John Albrecht
Two Caterpillars and a Goldfish
2. Survivors

The next surprise came as a letter from Mrs. Joan Berry forwarded courtesy of Dan Black at the Legion Magazine. After reading her letter, the significance was obvious - in March 1944, she was married to Sgt. Bill Broadmore, my uncle’s flight engineer. His loss left her a devastated widow with an eight-month-old son, Peter. She could vividly recollect her last visit with Bill, her mother and sister, as well as receiving his daily letters for three days after he was reported missing. She subsequently remarried and immigrated to Canada with her husband and Peter. Joan was kind enough to forward a photocopy of an October 1944 letter from my grandfather that captures the tragic atmosphere of families coming to grips with the sudden loss of young lives during wartime. In corresponding with Peter, he informed me that my article had brought him closer to a father he had never known. I would later learn that my Legion article was instrumental in Joan and Peter reestablishing ties with the Broadmore clan in England after a 20 year hiatus. It also gave me closure to the puzzle of the epitaph inscribed on Bill Broadmore’s headstone in Tubbergan, Holland - “In memory’s garden, my darling you always will be”. Joan admitted authorship of this touching line.

A week later, I received a telephone call from John Munro of Chilliwack, BC. He informed me that Frank Magee’s story was not unique. He also participated in the March 24/25, 1944 raid on Berlin as a rear gunner of Lancaster ME 684 piloted by Flying Officer “Nobby” Clark. Their aircraft along with ND 641 and ED 317 (all from 625 Squadron) failed to return, falling to night fighters or flak. ED 317, piloted by Flight Sergeant Jamieson, was lost with all crew members. John had vivid recall of that fateful mission many years ago. On the return leg, they were forced to abandon a flaming Lancaster riddled by flak. After “assisting” the mid-upper gunner, frozen by fear to exit via the rear escape hatch, John sought the safety of his parachute. All seven crew members survived - three evaders and four POWs. Like Frank Magee, John successfully evaded capture until liberated by advancing Allied forces. Despite this misfortune, he still had the appetite to fly a final combat mission in 1945.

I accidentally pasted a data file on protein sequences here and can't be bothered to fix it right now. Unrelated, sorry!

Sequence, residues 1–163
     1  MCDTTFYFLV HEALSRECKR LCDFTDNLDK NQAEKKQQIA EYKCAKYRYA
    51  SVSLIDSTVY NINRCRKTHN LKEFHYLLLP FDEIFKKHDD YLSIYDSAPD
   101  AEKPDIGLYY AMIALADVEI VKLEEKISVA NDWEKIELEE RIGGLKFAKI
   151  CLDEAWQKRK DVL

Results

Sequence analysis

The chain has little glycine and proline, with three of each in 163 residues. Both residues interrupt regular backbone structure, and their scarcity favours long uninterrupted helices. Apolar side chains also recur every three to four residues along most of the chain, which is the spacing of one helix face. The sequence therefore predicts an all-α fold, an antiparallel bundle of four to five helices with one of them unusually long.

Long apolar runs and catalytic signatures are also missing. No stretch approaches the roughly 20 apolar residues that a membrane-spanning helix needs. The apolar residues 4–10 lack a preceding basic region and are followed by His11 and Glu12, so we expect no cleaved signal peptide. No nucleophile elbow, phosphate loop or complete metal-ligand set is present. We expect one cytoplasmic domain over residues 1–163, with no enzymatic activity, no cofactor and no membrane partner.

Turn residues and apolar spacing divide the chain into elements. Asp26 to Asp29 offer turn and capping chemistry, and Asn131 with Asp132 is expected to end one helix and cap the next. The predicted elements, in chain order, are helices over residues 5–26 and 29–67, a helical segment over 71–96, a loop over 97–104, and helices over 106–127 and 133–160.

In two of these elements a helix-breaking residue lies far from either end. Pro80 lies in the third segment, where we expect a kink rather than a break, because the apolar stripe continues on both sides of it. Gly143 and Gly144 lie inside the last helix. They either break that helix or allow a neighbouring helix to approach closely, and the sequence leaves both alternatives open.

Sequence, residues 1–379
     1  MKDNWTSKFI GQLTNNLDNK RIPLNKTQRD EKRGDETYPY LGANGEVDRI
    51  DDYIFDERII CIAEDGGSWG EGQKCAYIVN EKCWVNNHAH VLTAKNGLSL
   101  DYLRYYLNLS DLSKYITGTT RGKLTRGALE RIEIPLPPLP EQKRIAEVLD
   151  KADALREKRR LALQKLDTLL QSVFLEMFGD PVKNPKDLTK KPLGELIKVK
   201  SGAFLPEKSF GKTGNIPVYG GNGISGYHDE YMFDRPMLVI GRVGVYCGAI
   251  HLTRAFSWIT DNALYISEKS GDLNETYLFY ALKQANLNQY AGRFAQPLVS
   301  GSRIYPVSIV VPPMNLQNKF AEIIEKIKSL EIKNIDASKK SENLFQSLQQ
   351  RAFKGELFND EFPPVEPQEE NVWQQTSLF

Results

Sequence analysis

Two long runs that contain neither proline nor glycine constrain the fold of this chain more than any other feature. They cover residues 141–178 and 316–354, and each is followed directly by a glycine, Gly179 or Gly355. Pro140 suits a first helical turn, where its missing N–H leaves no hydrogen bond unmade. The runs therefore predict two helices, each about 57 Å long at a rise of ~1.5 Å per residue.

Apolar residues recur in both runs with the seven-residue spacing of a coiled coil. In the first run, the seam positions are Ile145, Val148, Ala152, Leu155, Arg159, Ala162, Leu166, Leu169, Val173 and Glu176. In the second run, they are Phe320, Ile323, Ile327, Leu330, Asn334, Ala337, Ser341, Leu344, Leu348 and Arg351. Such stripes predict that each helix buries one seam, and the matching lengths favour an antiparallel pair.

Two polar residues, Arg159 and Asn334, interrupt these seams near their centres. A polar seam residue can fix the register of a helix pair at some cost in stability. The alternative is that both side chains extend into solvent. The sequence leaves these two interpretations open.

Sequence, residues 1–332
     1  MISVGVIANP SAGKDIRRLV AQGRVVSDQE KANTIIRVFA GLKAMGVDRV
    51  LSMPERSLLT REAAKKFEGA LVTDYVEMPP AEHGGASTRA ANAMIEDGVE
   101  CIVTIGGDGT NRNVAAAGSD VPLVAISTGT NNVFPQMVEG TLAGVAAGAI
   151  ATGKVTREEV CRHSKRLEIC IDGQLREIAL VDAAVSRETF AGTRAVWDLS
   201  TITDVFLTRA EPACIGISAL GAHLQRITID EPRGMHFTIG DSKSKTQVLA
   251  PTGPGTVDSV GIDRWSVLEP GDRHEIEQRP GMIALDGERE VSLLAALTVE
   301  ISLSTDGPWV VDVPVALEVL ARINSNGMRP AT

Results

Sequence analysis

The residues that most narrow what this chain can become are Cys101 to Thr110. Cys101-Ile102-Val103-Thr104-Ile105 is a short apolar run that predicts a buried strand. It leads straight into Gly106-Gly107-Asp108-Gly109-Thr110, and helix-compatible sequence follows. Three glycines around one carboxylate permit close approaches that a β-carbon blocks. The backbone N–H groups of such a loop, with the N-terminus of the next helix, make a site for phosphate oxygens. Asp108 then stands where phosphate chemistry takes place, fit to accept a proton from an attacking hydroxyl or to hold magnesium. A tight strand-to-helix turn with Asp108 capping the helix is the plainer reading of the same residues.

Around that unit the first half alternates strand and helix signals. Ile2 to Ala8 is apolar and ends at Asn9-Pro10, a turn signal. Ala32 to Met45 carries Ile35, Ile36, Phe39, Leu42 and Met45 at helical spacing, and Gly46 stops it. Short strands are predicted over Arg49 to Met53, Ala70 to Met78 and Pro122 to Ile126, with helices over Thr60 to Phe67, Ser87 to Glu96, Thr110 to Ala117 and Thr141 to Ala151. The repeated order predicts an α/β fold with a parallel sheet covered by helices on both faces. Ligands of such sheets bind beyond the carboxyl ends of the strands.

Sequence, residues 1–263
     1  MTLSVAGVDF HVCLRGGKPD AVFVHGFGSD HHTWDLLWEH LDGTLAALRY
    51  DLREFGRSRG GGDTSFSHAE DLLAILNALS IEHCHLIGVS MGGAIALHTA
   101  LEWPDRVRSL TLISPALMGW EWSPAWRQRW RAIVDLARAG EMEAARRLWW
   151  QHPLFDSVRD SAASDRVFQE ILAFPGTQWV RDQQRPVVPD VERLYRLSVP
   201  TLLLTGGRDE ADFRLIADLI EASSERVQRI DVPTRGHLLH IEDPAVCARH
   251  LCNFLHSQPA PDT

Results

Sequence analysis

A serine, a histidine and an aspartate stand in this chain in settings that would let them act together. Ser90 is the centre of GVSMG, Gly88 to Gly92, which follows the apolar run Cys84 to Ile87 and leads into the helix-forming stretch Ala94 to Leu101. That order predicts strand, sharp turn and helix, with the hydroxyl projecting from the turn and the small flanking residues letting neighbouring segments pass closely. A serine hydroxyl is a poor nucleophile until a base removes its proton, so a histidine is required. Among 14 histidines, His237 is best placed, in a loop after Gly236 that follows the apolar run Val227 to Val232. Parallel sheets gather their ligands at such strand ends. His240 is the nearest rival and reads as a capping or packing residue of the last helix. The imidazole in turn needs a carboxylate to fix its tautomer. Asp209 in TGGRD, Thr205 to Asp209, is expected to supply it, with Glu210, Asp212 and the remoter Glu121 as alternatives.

At war’s end, he returned to Thunder Bay, raised his family, worked as an electrician and learned to fly. He moved to BC and retired with his wife in Chilliwack, BC.

I was fortunate to meet John on several occasions after flying into Chilliwack Airport. Short in stature, he compensated with an energetic friendly personality. After a near miss, driving to his home, I was assigned to chauffer duties for future visits. He admitted that his vision was not what it used to be. At his home, he had a den dedicated to his war years and aviation adventures. This included Resistance photographs, forged documents, and identity papers from his escapades as an evader. After a visit, he would load me up with fresh produce from his vegetable garden.

Sadly, his health took a sudden turn and he departed on his last mission on Friday, September 13, 2002. I spoke to him the day before and knew that he was at peace with his fate.

I am still incredulous that Frank and John could survive bailing out of aircraft from the same squadron on the same night, evading capture, the next 50 years, and then live within ten miles of each other unaware of their celestial connection - in the end they did know.

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